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Great collection of early tracks - 94%

ReverendMediocre, May 13th, 2003

This was the first album, woefully circulated as demo tapes in the underground circle in the early-mid ninties. Most people who are currently into Slough Feg (all three of us) haven't had much access to their first album as it was simply damn near impossible to find outside of foreign auction sites and even then it went for way more then a single CD was worth. But the recent vinyl re-release by The Miskatonic Foundation who also released their third album Down Among The Deadmen on vinyl. The vinyl version (all REAL music comes on vinyl) comes with a whole extra disc with previously unheard demo tracks with beautiful packaging. Easily the best packaging of any Slough Feg release thus far, even if it is a bit self-aggrandizing with many, many pictures romanticizing the band. But the band can't be held at fault for this as I'm sure they didn't design the gatefold. But onto the music.

The music can best be described as Slough Feg Version 1.0. This is a band who has been around for many, many years but never really has busted out of bay area clubs and the occasional European tour. For the uninitiated this band has a completly unique sound largely due in part to the incredible tenor voice of singer Mike Scalzi. Who I can only describe as Garm if he sang power metal. And those words do him no justice. The music sounds like the epic metal stylings of Manilla Road or Solstice combined with good amounts of Maiden in the guitar works, and most everything they do has a bit of a celtic feel. Although this is probably unintentional it usually gets them labeled as a celtic band. This album is the early works of this band and thusly has some rough edges to it and some moments it sounds more like punk then metal but it also has it's absolutly classic moments such as the epic-irish-jig "The Red Branch" and the strange closing to their epic work "High Season". The first part of which appears on their third album, the second part on their second album, and parts three and four on their first album.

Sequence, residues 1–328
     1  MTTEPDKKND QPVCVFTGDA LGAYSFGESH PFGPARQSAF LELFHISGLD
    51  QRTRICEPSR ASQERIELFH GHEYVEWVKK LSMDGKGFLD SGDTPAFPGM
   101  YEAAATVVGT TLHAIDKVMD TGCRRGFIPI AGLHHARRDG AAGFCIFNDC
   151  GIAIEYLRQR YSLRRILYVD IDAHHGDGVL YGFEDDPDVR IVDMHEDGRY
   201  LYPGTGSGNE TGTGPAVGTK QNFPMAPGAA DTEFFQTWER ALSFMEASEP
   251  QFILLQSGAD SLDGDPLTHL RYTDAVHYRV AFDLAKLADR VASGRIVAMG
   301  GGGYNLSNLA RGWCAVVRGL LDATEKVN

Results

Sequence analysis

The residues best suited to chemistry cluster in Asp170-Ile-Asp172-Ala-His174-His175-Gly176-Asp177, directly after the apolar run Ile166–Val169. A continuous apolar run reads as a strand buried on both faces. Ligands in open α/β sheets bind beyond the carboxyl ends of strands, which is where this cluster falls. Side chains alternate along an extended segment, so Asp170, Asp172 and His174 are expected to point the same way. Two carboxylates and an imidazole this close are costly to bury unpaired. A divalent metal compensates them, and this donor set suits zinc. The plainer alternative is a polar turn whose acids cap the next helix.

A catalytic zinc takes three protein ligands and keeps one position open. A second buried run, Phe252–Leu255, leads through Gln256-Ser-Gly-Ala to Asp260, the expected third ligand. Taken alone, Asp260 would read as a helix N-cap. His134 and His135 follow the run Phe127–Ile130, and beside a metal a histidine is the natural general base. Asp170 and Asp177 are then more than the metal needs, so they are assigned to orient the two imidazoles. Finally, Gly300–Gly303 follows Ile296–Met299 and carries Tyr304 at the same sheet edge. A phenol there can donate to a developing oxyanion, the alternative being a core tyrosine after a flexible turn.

If you are a fan of gritty metal with a superior epic feel to it, and you have a special appreciation for lower vocals not typically found in power metal (and these guys in my opinion are power metal) then The Lord Weird Slough Feg should never be passed up.